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Nature of Science in the Science Curriculum: Origin, Development, Implications and Shifting Emphases

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International Handbook of Research in History, Philosophy and Science Teaching

Abstract

This chapter briefly traces the history of nature of science (NOS) orientations in science education, notes some differences in the way NOS is defined and in arguments used to justify its inclusion in the school science curriculum and acknowledges the centrality of NOS to recent curriculum and research initiatives based on scientific argumentation, modelling and consideration of socioscientific issues (SSI). Some critical scrutiny is directed towards the so-called consensus view of NOS and whether it adequately and appropriately represents the diversity of approach across the different subdisciplines of science. Of course, serious consideration of curriculum initiatives inevitably leads to questions concerning assessment policy and practice. Key issues relate to the philosophical adequacy and psychometric robustness of questionnaires, interviews, observation studies and approaches utilizing students’ drawings and stories and how best to record and report findings. After a brief discussion of some important pedagogical matters and consideration of some contemporary emphases in NOS-oriented curricula, including SSI-oriented teaching and efforts to shift attention towards a more authentic view of contemporary scientific practice (what Ziman (2000). Real science: What it is, and what it means. Cambridge: Cambridge University Press. calls post-academic science), the chapter concludes with a piece of personal self-indulgence: advocacy of a move towards an action-oriented, SSI-based approach to science education at the school level, and beyond.

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Notes

  1. 1.

    Abd-El-Khalick (2001, 2004, 2005), Abd-El-Khalick and Akerson (2004, 2009), Abd-El-Khalick et al. (1998, 2008), Bell (2004), Flick and Lederman (2004), Hanuscin et al. (2006), Khishfe and Abd-El-Khalick (2002), Khishfe and Lederman (2006, 2007), Lederman (2006, 2007), Lederman and Abd-El-Khalick (1998), Lederman et al. (2001, 2002).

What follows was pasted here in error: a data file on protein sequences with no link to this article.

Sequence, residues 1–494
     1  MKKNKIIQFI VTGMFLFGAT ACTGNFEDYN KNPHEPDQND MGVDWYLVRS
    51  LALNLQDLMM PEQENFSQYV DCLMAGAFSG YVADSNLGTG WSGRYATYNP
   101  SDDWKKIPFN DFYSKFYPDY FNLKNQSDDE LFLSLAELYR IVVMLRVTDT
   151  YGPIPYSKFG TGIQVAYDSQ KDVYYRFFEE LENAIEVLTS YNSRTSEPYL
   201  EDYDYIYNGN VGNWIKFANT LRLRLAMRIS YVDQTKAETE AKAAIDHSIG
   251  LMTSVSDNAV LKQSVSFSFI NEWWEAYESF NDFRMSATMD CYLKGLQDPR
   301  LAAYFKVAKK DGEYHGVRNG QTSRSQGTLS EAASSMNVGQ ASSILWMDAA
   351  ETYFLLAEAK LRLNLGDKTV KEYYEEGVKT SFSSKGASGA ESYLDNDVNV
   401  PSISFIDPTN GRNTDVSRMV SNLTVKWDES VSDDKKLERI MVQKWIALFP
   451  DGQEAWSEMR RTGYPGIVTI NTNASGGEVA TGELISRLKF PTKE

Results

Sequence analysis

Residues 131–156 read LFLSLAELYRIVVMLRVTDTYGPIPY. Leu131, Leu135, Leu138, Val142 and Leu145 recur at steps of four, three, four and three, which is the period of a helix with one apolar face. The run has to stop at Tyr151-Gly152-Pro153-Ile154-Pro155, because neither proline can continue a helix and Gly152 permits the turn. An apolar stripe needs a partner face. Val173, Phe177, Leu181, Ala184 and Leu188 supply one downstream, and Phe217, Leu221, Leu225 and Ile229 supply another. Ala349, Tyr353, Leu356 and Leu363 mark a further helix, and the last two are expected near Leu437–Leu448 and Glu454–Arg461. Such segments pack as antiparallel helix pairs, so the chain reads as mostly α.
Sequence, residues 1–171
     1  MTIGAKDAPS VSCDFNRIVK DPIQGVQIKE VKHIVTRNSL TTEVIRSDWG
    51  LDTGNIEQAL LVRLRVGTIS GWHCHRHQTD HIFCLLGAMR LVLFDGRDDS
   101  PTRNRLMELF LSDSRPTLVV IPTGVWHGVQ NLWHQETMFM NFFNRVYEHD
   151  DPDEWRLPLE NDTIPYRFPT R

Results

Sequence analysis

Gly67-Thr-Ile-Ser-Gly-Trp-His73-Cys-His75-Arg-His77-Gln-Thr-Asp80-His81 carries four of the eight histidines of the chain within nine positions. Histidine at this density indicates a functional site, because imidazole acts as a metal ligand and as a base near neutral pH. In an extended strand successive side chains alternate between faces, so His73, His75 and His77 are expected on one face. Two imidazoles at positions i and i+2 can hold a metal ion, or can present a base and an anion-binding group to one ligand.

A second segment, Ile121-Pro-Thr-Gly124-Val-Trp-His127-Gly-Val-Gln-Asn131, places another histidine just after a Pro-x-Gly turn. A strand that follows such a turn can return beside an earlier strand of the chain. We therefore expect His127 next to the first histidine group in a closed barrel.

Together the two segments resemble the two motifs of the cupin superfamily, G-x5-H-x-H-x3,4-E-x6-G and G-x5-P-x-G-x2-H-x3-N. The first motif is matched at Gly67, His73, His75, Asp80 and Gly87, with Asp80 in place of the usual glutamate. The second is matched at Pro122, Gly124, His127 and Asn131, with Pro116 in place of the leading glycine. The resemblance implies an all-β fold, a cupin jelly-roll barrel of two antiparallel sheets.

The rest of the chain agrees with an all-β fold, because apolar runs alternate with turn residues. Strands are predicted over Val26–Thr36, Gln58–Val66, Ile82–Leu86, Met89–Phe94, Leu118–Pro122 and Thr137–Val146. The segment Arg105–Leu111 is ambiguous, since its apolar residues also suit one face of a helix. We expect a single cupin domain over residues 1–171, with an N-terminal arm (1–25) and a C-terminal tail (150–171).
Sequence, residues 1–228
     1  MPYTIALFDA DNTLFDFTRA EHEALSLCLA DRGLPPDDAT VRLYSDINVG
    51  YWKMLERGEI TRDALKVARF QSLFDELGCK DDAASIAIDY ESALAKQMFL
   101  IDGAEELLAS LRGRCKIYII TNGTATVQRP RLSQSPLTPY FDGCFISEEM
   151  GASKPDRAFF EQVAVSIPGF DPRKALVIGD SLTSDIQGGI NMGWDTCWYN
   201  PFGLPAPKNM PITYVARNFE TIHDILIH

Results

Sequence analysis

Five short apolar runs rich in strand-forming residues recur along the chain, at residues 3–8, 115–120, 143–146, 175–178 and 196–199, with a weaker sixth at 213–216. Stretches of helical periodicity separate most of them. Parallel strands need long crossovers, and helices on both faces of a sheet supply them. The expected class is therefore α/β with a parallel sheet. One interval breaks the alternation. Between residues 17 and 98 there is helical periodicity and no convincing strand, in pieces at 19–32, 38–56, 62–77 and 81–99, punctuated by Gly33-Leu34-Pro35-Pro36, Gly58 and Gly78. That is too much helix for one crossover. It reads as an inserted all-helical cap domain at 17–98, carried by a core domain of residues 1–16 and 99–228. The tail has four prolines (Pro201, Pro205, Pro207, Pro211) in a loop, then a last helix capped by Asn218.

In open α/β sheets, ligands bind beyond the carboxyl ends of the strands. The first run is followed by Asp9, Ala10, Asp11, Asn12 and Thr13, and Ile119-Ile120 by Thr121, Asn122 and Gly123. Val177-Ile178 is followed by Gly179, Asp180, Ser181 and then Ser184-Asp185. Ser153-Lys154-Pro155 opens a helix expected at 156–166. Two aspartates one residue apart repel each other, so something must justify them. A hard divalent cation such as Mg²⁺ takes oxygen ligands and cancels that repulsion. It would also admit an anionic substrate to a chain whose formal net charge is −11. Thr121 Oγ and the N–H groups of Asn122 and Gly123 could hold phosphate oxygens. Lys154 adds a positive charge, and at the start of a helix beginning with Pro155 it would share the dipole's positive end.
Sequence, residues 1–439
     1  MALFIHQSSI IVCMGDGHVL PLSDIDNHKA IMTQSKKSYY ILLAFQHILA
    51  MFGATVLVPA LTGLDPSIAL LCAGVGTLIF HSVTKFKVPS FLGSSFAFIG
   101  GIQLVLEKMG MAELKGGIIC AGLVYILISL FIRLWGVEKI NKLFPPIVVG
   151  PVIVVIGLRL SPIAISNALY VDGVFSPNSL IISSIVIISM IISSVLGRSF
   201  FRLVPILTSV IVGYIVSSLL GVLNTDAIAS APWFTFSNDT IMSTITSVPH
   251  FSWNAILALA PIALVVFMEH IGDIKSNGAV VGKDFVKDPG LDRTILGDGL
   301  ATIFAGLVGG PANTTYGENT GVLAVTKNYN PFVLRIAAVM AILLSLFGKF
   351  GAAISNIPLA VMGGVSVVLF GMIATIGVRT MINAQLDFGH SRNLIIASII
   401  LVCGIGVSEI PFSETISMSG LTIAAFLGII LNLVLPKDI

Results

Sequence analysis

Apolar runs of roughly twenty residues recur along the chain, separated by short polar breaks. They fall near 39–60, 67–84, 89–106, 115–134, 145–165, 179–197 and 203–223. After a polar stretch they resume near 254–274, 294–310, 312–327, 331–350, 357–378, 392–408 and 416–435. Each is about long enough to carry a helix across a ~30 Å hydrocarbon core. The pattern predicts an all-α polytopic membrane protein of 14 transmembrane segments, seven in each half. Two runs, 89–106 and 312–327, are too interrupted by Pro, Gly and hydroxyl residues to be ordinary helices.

2. 2.

    Allchin (2011), Bartholomew et al. (2004), Clough (2006, 2011), Clough and Olson (2008), Elby and Hammer (2001), Hodson (2008, 2009, 2011), Kelly (2008), Matthews (2012), Osborne et al. (2003), Rudolph (2000), van Dijk (2011), and Wong and Hodson (2009, 2010).

  3. 3.

    See Brock (1973), Jenkins (1979), Layton (1973) and van Praagh (1973).

  4. 4.

    For example, early on in the original Nuffield Physics course, students are provided with a lever, a fulcrum and some weights (uniform square metal plates) and are invited to ‘explore’ and to ‘find out what you can’. No particular problem is stated; no procedure is recommended. It is assumed that the Law of Moments will simply emerge from undirected, open-ended exploration. Nothing could be further from the truth. First, the system does not balance in the way the students expect because the pivot is below the centre of gravity. If the weights are suspended below the pivot, as in a set of scales, the beam will balance. However, there is little chance that children will discover this for themselves. Second, children tend to spread the weights irregularly along the entire length of the beam. The complexity of this arrangement obscures the simple relationship that is sought. Consequently, teachers begin to proffer advice on how to make the problem simpler and to issue instructions about the best way to proceed. Similar things happen whenever children are presented with this kind of open-ended situation. See Hodson (1996) for an extended discussion of these issues.

  5. 5.

    See, for example, Cawthron and Rowell (1978), Hodson (1985, 1986, 1988a, b, 1990, 1991), Matthews (1991, 1992), Nadeau and Désautels (1984)) and Royal Society (1985).

  6. 6.

    Extensive discussion of the history and evolving definition of scientific literacy can be found in Bybee (1997a, b); Choi et al. (2011), De Boer (2001), Dillon (2009), Feinstein (2011), Gräber and Bolte (1997), Hodson (2008, 2011), Hurd (1998), Laugksch (2000), Lehrer and Schauble (2006), Lemke (2004), Linder et al. (2012), McEneaney (2003), Miller (2000), Norris and Phillips (2003), Norris et al. (2013), Oliver et al. (2001), Roberts (2007), Roth and Calabrese Barton (2004), and Ryder (2001). Teachers’ understanding of scientific literacy is explored by Smith et al. (2012).

  7. 7.